Research Fellow of Neuropsychopharmacology at Institute of Psychology, University of Tartu, Estonia. Area of research: genetic and environmental factors in longitudinal health study designs.

Who is the average patient with ADHD?

Is there an ‘average ADHD brain’? Our research group (from the Radboudumc in Nijmegen) shows that the average patient with ADHD does not exist biologically. These findings were recently published in the journal. Psychological Medicine.

Most biological psychiatry research heavily relies on so-called case-control comparisons. In this approach a group of patients with for instance ADHD is compared against a group of healthy individuals on a number of biological variables. If significant group effects are observed those are related to for instance the diagnosis ADHD. This often results in statements such as individuals with ADHD show differences in certain brain structures. While our results are in line with those earlier detected group effects, we clearly show that a simple comparison of these effects disguises individual differences between patients with the same mental disorder.

Modelling individual brains

In order to show this, we developed a technique called ‘normative modelling’ which allows us to map the brain of each individual patient against typical development. In this way we can see that individual differences in brain structure across individuals with ADHD are far greater than previously anticipated. In future, we hope that this approach provides important insights and sound evidence for an individualized approach to mental healthcare for ADHD and other mental disorders.

Individual differences in ADHD

When we studied the brain scans of individual patients, the differences between those were substantial. Only a few identical abnormalities in the brain occurred in more than two percent of patients. Marquand: “The brains of individuals with ADHD deviate so much from the average that the average has little to say about what might be occurring in the brain of an individual.”

Personalized diagnosis of ADHD

The research shows that almost every patient with ADHD has her or his own biological profile. The current method of making a diagnosis of psychiatric disorders based on symptoms is therefore not sufficient, the authors say: “Variation between patients is reflected in the brain, but despite this enormous variation all these people get the same diagnosis. Thus, we cannot achieve a better understanding of the biology behind ADHD by studying the average patient. We need to understand for each individual what the causes of a disorder may be. Insights based on research at group level say little about the individual patient.”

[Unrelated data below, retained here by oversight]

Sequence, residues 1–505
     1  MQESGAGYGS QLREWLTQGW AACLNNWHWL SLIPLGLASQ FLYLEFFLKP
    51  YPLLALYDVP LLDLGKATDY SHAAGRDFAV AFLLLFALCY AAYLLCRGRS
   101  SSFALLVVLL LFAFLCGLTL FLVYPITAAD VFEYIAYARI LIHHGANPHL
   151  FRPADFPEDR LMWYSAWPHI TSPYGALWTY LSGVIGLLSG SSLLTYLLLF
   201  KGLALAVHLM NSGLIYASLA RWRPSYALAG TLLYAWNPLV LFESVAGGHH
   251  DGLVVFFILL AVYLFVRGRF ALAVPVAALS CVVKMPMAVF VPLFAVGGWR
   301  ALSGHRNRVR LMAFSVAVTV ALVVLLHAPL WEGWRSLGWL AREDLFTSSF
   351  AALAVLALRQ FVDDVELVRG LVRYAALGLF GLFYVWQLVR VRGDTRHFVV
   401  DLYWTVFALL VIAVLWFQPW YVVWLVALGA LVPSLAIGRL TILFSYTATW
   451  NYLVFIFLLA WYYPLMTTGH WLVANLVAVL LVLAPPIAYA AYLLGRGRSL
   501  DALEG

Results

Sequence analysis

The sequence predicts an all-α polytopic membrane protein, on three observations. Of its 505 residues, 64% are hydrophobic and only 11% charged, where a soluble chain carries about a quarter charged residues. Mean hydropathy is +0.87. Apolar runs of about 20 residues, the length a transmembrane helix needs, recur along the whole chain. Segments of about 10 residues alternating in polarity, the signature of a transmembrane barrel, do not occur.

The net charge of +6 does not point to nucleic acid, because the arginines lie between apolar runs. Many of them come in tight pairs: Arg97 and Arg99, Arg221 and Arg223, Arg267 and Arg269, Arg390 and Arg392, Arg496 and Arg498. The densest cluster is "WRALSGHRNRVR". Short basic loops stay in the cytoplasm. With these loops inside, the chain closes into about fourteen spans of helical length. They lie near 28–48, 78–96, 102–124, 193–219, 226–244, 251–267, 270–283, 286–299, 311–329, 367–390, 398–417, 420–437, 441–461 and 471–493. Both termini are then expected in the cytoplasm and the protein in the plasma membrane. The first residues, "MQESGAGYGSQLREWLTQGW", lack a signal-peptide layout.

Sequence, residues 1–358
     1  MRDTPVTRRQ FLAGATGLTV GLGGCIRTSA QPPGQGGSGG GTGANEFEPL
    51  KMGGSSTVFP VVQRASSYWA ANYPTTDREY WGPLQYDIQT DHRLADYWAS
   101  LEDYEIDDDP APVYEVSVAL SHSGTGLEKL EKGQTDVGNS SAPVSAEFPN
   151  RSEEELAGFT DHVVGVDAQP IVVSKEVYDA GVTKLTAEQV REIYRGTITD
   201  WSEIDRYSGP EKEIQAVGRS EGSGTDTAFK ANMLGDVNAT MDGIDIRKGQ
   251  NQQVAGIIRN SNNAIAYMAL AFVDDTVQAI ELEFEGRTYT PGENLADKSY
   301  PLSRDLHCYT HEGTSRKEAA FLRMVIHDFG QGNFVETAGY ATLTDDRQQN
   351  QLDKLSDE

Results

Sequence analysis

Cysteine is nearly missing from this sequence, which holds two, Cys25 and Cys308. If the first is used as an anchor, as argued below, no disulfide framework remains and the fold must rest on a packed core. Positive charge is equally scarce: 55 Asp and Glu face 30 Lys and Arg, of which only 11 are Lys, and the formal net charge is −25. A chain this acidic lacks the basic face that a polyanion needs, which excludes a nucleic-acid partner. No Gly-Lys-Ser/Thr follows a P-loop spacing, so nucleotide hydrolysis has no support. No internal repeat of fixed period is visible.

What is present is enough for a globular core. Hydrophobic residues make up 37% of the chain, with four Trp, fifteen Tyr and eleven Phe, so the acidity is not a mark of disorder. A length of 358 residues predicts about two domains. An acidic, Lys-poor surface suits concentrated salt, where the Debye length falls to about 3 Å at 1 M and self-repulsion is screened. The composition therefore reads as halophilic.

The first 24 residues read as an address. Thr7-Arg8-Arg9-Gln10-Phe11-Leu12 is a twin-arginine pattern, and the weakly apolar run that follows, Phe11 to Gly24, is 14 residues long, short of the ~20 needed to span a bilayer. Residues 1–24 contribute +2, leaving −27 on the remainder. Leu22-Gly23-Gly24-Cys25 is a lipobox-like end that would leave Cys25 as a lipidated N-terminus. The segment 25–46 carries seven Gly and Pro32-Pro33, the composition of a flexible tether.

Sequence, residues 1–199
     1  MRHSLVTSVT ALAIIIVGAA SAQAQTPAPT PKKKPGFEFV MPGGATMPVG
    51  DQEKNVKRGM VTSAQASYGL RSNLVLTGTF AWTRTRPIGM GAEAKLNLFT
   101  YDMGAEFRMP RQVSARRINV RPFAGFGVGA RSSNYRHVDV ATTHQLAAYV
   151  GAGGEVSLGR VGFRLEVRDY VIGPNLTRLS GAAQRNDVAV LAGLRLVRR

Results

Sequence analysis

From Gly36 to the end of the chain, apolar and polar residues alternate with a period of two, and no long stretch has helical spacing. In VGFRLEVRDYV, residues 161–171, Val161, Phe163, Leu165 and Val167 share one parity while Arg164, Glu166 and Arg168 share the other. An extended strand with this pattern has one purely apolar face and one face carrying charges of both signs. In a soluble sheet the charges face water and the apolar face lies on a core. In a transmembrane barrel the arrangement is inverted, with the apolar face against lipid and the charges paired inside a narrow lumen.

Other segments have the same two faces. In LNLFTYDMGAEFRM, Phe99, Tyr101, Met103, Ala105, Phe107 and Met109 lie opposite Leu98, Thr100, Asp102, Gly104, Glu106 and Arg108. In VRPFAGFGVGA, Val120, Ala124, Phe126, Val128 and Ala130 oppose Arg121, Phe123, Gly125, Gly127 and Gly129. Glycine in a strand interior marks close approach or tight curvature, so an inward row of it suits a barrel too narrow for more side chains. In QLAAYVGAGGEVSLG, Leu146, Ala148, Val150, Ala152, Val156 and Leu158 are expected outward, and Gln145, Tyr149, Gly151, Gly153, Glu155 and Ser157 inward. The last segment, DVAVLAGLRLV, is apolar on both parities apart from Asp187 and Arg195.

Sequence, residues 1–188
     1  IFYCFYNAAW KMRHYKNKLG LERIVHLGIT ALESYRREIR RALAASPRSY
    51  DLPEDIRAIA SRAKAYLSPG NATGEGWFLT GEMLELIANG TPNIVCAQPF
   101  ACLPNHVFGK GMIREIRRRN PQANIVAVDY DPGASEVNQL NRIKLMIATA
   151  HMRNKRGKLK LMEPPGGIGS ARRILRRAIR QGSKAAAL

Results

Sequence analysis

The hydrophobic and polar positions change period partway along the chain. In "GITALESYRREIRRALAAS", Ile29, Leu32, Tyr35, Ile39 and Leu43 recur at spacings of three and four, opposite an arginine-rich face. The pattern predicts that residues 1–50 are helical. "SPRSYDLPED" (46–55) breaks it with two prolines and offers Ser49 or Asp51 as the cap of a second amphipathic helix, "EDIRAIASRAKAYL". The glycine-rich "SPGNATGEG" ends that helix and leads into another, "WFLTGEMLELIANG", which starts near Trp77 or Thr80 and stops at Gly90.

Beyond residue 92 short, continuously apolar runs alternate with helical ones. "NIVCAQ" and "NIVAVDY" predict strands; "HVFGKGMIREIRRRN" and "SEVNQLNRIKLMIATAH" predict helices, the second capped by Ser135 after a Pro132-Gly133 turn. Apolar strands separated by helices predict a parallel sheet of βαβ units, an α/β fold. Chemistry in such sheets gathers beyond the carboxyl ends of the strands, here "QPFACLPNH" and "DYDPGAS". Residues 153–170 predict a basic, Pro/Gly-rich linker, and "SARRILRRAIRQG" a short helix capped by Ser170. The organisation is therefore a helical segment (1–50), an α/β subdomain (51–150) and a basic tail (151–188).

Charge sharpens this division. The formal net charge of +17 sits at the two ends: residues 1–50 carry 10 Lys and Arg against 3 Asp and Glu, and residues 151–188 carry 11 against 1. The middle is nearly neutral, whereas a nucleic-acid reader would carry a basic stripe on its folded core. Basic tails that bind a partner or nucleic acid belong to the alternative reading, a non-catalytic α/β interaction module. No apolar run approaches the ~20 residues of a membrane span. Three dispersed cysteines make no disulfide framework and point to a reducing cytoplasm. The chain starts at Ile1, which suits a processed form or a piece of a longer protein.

Re-conceptualize mental disorders

The researchers want to make a fingerprint of individual brains on the basis of differences in relation to the healthy range. Wolfers: “Psychiatrists and psychologists know very well that each patient is an individual with her or his own tale, history and biology. Nevertheless, we use diagnostic models that largely ignore these differences. Here, we raise this issue by showing that the average patient has limited informative value and by including biological, symptomatic and demographic information into our models. In future we hope that this kinds of models will help us to re-conceptualize mental disorders such as ADHD.”

Further reading

Wolfers, T., Beckmann, C.F., Hoogman, M., Buitelaar, J.K., Franke, B., Marquand, A.F. (2019). Individual differences v. the average patient: mapping the heterogeneity in ADHD using normative models. Psychological Medicine, .

This blog was written by Thomas Wolfers and Andre Marquand from the Radboudumc and Donders Institute for Brain, Cognition and Behaviour in Nijmegen, The Netherlands. On 15 March 2019 Thomas Wolfers will defend his doctoral thesis entitled ‘Towards precision medicine in psychiatry’ at the Radboud university in Nijmegen. You can find his thesis at

How can we make sense of comorbidity?

Comorbidity, defined as the simultaneous occurrence of more than one disorder in a single patient, is commonplace in psychiatry and somatic medicine. In research, as well as in routine clinical settings.

In March 2016 the new H2020 collaborative project “CoCA” (Comorbidity in adult ADHD) was officially launched, with a 3-day kick-off meeting in Frankfurt, Germany. This ambitious project, which is coordinated by professor Andreas Reif and is co-maintaining this shared blog, will investigate multiple aspects of comorbidity in ADHD.

For instance, CoCA will “identify and validate mechanisms common to the most frequent psychiatric conditions, specifically ADHD, mood and anxiety disorders, and substance use disorders (SUD), as well as a highly prevalent somatic disorder, i.e. obesity”.

As reflected in this bold mission, most scientists trained in the biological sciences agree that studies of overlapping and concurrent phenomena may reveal some underlying common mechanisms, e.g. shared genetic or environmental risk factors.